Prepared for the
Conference of Presidents of Major American Jewish Organizations

by the Jerusalem Center for Public Affairs
View this page at


April 7, 2009

In-Depth Issues:

Israel Pledges to Work with U.S. for Mideast Peace - Steve Weizman (AP)
    "Israel appreciates President Obama's commitment to Israel's security and to the pursuit of peace," said a statement released by Prime Minister Netanyahu's office after Obama's comments in Turkey on Monday.
    "The government of Israel is committed to both of these goals and will formulate its policies in the near future so as to work closely with the United States."

Daily Alert Needs Your Support
Daily Alert is the work of a team of expert analysts who find the most important and timely articles from around the world on Israel, the Middle East and U.S. policy.
    No wonder it is read by heads of government, leading journalists, and thousands of people who want to stay on top of the news.
    To continue to provide this service, Daily Alert requires your support. Please take a moment to click here and make your contribution through the Jerusalem Center for Public Affairs.

Hamas TV Teaches Children: "Death Is Honor" - Itamar Marcus and Barbara Crook (Palestinian Media Watch)
    The children's program "Tomorrow's Pioneers," broadcast on Hamas' Al-Aqsa TV on March 20, featured the following song: "Teach the children that death is honor and victory. Through death, we seek to bring the dawn and the day."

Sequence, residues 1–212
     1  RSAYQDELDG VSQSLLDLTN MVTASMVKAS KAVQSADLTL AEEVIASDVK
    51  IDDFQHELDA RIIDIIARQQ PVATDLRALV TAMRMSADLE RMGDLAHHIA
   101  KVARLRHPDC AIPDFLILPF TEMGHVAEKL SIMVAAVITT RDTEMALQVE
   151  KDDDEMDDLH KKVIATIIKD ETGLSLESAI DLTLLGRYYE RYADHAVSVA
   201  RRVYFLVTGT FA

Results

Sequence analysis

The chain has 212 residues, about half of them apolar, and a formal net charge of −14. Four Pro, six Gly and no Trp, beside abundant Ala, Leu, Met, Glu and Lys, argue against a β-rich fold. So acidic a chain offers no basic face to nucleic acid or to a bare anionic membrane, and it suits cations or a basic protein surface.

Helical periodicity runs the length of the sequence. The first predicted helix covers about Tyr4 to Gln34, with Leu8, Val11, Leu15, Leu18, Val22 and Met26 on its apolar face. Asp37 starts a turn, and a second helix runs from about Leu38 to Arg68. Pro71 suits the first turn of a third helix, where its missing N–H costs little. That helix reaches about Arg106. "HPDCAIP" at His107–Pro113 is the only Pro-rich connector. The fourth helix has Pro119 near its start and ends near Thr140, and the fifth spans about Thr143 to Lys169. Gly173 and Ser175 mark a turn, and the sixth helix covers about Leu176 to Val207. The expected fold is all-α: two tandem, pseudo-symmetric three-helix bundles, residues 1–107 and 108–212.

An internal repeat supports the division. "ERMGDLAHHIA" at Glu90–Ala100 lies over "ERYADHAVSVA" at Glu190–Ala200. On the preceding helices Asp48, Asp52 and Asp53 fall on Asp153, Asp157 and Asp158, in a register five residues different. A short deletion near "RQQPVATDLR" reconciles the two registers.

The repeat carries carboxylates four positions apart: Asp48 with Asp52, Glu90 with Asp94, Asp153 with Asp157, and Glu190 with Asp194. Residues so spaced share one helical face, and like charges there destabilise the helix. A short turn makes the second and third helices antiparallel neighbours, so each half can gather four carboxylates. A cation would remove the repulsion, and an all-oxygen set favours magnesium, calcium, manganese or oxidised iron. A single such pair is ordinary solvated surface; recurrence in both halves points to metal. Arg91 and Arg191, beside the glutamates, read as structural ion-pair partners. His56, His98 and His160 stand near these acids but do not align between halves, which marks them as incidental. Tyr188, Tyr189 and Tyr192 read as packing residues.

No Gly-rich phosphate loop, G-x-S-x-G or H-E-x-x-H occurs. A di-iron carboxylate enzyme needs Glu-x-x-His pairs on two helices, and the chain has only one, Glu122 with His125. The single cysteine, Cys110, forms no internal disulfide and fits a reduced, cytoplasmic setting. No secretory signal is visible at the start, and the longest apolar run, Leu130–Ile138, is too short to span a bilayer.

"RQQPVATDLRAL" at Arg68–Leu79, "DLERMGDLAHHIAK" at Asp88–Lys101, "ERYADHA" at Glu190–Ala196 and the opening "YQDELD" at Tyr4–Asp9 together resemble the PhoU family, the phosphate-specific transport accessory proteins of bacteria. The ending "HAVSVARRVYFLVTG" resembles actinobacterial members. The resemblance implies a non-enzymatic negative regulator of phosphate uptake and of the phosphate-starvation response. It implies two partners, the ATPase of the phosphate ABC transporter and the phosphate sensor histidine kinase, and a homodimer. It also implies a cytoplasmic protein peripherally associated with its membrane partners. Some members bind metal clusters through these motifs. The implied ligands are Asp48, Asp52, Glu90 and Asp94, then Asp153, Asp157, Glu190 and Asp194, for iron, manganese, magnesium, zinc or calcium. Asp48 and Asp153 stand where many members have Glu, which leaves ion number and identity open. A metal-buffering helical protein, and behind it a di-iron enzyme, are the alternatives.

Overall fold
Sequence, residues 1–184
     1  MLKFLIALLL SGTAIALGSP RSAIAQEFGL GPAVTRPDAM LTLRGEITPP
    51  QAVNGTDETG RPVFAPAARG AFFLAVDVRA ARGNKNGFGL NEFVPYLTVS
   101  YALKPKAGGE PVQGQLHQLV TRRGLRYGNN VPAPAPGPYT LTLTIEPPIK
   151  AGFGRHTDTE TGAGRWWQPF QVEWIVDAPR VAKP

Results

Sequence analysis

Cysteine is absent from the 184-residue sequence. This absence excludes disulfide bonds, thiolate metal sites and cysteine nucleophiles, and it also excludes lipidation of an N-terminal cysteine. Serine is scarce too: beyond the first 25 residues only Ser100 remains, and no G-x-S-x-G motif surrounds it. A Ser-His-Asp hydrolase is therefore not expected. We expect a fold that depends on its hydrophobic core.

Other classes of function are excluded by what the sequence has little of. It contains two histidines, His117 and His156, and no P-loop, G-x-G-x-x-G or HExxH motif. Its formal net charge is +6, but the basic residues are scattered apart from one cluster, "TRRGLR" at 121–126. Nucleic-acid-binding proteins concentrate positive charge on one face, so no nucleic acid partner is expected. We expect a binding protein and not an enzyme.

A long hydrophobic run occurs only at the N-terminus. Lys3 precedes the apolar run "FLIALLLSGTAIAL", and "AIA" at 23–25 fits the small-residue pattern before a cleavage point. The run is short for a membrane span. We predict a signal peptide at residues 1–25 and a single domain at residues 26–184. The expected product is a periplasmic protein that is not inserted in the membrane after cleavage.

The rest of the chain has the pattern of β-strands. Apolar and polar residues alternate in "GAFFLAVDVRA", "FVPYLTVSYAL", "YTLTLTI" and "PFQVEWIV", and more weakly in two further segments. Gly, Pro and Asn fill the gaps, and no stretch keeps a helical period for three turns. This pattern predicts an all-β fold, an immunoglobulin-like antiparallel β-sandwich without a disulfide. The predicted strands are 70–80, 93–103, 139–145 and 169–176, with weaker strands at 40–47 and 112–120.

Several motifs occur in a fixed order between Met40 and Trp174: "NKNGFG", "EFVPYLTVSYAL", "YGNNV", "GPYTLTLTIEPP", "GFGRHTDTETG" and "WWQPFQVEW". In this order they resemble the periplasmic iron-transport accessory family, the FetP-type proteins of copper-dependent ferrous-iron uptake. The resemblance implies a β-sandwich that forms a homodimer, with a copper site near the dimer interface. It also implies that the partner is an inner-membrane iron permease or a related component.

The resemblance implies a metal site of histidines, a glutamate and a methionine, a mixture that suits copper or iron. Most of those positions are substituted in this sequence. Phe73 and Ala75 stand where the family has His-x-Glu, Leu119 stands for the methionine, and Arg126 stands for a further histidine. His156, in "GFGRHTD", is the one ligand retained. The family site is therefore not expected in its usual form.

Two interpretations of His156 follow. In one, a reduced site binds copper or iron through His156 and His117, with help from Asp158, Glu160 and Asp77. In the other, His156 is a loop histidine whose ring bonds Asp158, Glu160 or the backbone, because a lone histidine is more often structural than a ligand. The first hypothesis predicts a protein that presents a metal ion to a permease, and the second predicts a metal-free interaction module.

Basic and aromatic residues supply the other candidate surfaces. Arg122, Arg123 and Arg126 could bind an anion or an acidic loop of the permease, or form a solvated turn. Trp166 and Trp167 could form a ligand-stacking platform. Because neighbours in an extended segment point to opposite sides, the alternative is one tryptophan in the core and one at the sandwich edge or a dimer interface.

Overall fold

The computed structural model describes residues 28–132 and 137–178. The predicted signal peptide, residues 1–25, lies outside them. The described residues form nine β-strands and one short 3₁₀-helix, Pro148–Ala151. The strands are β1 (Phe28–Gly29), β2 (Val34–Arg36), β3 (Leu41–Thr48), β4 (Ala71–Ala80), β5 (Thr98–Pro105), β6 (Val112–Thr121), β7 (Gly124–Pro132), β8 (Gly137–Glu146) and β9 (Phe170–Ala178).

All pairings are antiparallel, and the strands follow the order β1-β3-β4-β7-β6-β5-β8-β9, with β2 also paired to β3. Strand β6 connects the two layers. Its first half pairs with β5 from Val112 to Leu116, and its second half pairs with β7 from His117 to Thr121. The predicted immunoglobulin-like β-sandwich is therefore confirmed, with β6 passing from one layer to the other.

While the words are being sung, a young girl throws darts shaped like missiles at a target shaped like the Star of David.
    When the target is hit and the Star of David falls, the young girl raises her hands in victory.

Canadians Counter Israeli Wine Boycott - Sheri Shefa (Canadian Jewish News)
    A boycott against Israeli wine backfired in Toronto on Sunday when hundreds of consumers staged a counter-boycott and bought up one store's entire stock of Israeli wine in a matter of hours.
    See also Israeli Wines Sell Out in British Columbia (Canada-Israel Committee)
    In response to a planned boycott, Israeli wine sold out in at least three Vancouver area stores.

Israeli Envoy Gets UN Post Despite Arab Opposition - Shlomo Shamir (Ha'aretz)
    Israel's deputy ambassador to the UN, Danny Carmon, was elected chairman of the UN Commission on Population and Development on Friday despite opposition from Arab states.
    The Syrian, Iranian, Lebanese and Qatari envoys delivered strongly-worded speeches against Carmon before the vote.

Key Links 
Media Contacts 
Back Issues 
Fair Use 
News Resources - North America, Europe, and Asia:

  • Obama Reaches Out to Muslim World - Michael D. Shear and Kevin Sullivan
    President Obama made his most direct outreach to Muslims around the world Monday, telling Turkey's National Assembly that the U.S. "is not and never will be at war with Islam." "Our partnership with the Muslim world is critical in rolling back a violent ideology that people of all faiths reject," he said. (Washington Post)
        See also Obama: U.S. Supports "Two States, Israel and Palestine, Living Side by Side in Peace and Security"
    President Obama told the Turkish Parliament on Monday: "In the Middle East, we share the goal of a lasting peace between Israel and its neighbors. Let me be clear: The United States strongly supports the goal of two states, Israel and Palestine, living side by side in peace and security. That is a goal shared by Palestinians, Israelis and people of goodwill around the world. That is a goal that the parties agreed to in the road map and at Annapolis. That is a goal that I will actively pursue as president of the United States." (AP)